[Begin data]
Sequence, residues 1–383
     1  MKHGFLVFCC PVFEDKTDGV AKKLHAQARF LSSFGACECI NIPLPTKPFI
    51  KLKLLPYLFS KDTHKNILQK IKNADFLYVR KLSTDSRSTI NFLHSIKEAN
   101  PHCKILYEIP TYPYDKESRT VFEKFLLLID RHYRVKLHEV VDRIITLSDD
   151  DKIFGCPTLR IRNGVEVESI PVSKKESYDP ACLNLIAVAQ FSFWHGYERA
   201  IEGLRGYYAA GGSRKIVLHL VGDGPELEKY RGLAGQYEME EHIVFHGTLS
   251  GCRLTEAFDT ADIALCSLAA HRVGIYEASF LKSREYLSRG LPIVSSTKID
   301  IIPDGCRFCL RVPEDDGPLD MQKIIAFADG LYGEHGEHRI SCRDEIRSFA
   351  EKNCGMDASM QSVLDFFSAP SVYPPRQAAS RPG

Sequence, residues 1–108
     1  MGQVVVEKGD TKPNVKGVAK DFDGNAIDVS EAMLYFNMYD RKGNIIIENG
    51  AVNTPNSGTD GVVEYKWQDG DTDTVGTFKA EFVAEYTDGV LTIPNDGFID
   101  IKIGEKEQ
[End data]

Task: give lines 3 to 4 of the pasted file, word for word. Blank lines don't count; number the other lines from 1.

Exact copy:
    51  KLKLLPYLFS KDTHKNILQK IKNADFLYVR KLSTDSRSTI NFLHSIKEAN
   101  PHCKILYEIP TYPYDKESRT VFEKFLLLID RHYRVKLHEV VDRIITLSDD